Media Mistake GOP Midterm Victories As Evidence The U.S. Is Now A “Center-Right Country”

Media are promoting Republican gains in the House and Senate in Tuesday's midterm elections as evidence that the country has shifted to the “center-right” on political issues, despite the fact that ballot initiatives and national polling reveal broad support for progressive positions.

Media are promoting Republican gains in the House and Senate in Tuesday's midterm elections as evidence that the country has shifted to the “center-right” on political issues, despite the fact that ballot initiatives and national polling reveal broad support for progressive positions. 

Media Claim GOP Victories Indicate The Country Leans “Center-Right” 

CNN's Alisyn Camerota: Do GOP Wins Suggest That "The Country Is More Right-Leaning Than Some Pundits Might Have You Believe?" On the November 5 edition of CNN's New Day, host Alisyn Camerota asked Gov. Chris Christie (R-NJ) if GOP wins in the midterm elections indicate that “the country is more right-leaning than some pundits might have you believe.” [CNN, New Day11/5/14]

CNBC's Joe Kernan: GOP Wins Could Be Result Of “Anti-Progressive Policy Backlash.” On CNBC's Squawk Box, anchor Joe Kernan proposed that the sweeping GOP victories might represent an anti-progressive policy backlash: 

KERNAN: Both parties have a chance to screw this up over the next two years. But if the Republicans don't screw it up, I would say it wasn't just anti-Obama rhetoric. It wasn't just anti-incumbency. It was anti-progressive policy backlash that could swing the country even in 2016. [CNBC, The Squawk Box, 11/5/14]

CNN's John King: "America Is A Center-Right Country." On the November 5 edition of CNN Newsroom with Carol Costello, CNN's John King pointed to a map of the 2014 midterm outcomes and concluded, “Here's the map that says it all. America is a center-right country.”  [CNN, CNN Newsroom with Carol Costello11/5/14]

Fox News' Megyn Kelly: Do GOP Midterm Wins Show That “The Country Is Becoming More Republican-Friendly During Fox News' election coverage, anchor Megyn Kelly asked Mitt Romney if the election results suggest “the country is becoming more Republican-friendly” than when he ran for president in 2012. [Fox News, America's Election HQ11/4/14]

2014 Midterms Saw Remarkably Low Voter Turnout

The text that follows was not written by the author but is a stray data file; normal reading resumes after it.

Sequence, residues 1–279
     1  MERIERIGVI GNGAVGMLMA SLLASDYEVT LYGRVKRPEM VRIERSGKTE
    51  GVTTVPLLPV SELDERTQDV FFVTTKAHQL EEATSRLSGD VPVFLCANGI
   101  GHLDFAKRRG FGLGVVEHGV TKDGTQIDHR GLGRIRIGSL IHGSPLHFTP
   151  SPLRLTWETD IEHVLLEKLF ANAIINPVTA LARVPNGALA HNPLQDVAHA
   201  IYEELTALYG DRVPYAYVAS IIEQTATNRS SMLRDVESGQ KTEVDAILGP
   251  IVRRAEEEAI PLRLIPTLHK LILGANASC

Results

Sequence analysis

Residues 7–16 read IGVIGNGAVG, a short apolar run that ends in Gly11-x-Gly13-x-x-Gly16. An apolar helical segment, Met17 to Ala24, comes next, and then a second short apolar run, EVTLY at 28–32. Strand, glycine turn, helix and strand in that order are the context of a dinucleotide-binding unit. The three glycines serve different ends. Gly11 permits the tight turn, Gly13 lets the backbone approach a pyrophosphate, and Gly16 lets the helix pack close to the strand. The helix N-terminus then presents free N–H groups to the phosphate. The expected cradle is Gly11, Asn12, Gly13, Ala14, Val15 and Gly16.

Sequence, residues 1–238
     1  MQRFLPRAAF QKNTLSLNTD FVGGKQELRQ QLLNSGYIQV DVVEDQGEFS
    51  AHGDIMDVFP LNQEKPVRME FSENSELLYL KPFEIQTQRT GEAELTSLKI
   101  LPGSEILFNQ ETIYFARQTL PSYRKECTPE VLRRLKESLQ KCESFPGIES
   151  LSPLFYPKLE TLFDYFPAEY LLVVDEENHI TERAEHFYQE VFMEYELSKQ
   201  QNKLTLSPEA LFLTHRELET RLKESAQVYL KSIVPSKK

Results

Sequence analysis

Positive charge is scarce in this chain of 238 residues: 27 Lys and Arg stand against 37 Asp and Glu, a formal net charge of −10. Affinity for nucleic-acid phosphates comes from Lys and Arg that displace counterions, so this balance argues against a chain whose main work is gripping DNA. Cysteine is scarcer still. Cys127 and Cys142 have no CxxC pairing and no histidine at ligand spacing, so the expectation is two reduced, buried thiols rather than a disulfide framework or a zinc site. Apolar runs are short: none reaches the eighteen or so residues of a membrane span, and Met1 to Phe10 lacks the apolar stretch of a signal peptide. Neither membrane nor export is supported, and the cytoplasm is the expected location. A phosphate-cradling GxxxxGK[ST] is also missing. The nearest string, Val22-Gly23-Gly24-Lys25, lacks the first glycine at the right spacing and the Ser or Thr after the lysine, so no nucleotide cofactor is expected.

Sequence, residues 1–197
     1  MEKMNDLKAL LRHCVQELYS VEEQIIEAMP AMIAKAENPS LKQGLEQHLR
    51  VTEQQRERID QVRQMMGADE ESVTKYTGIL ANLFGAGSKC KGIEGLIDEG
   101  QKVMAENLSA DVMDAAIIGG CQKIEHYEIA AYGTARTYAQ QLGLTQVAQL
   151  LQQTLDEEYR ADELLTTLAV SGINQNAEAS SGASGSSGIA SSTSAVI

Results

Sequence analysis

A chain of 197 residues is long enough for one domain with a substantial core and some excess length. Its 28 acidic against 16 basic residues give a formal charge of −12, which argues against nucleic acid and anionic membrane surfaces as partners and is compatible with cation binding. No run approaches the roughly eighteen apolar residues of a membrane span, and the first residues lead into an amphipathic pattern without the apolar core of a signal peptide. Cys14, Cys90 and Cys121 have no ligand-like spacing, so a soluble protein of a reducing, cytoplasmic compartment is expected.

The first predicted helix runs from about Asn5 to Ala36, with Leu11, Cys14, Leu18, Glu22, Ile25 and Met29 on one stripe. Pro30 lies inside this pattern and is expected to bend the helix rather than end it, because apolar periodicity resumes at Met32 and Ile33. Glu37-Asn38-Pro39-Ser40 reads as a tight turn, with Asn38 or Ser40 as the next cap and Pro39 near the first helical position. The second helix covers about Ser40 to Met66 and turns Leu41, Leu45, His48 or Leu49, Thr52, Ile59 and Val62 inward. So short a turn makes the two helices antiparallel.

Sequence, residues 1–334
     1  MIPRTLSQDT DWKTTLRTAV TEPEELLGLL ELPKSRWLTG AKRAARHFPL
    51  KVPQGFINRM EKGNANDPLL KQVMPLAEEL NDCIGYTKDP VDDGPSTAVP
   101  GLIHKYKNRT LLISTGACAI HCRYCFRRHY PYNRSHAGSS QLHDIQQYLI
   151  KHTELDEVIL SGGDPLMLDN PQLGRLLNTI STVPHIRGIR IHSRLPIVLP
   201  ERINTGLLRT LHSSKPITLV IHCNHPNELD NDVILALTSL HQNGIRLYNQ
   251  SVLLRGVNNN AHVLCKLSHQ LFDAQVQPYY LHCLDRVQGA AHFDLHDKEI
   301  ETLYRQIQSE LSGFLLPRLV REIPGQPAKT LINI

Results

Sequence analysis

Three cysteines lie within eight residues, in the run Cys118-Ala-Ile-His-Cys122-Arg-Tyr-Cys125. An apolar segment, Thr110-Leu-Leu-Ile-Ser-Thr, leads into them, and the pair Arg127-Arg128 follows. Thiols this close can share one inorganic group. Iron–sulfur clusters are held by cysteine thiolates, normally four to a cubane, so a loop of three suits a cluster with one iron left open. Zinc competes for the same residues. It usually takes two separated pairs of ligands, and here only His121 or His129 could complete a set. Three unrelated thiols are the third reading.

2014 Midterm Elections May Have Been Record Low Voter Turnout. According to unofficial tallies reported by the Associated Press, just over 83 million people voted in Tuesday's elections, just over 36.6 percent of the voting-eligible population. This is down from 91 million voters, or 42 percent of the voting-eligible population, in the 2010 midterm elections. In the past two presidential elections, around 130 million ballots were cast. As NPR's All Things Considered noted, "[I]f after all the votes are counted, if the national turnout rate doesn't reach 38.1 percent, it would be the lowest turnout since the midterm elections of 1942."  [NPR, All Things Considered11/5/14]

Americans Lean Left On Key Social And Fiscal Issues

Increasing The Minimum Wage 

Four Republican-Controlled States Voted This Week To Raise Minimum Wage. Four states controlled by Republican legislatures -- Alaska, Arkansas, Nebraska and South Dakota -- voted in Tuesday's midterms to raise the state-mandated minimum wage. As Huffington Post reported:

Voters in four red states approved ballot initiatives to raise their state minimum wages on Tuesday, sending another message to Washington that Americans support a higher wage floor.

Binding minimum wage referendums were on the ballot in Arkansas, Nebraska, Alaska and South Dakota on Tuesday, with polls suggesting ahead of election day that all would pass.

Arkansas voters approved their initiative by a 65-to-35 margin, according to early returns. The measure will increase the minimum wage incrementally to $8.50 per hour by 2017. Nebraska voters, meanwhile, approved their initiative, which will raise the minimum wage to $9 by 2016, by a 62-to-38 margin.

Alaskans voted by a 69-to-31 margin to raise their minimum wage from $7.75 to $9.75 an hour by 2016, and then peg it to an inflation index so that it rises with the cost of living. South Dakota voted 55-45 to raise their minimum wage from $7.25 to $8.50 next year. It will also be indexed thereafter. [Huffington Post, 11/4/14

Several GOP Candidates Campaigned On Increasing Minimum Wage. As Slate noted, several Republican gubernatorial and congressional candidates, such as Rick Snyder (R-MI), Asa Hutchinson (R-AR), Shelley Moore Capito (R-WV), and Charlie Baker (R-MA) endorsed increasing the minimum wage. [Slate11/5/14]

Seventy Percent Of Americans Support Federal Minimum Wage Increase. According to a September poll from The New York Times and CBS News, 70 percent of Americans support raising the minimum wage from $7.25 per hour to $10.10 per hour. [The New York Times9/15/14]

Health Care Reform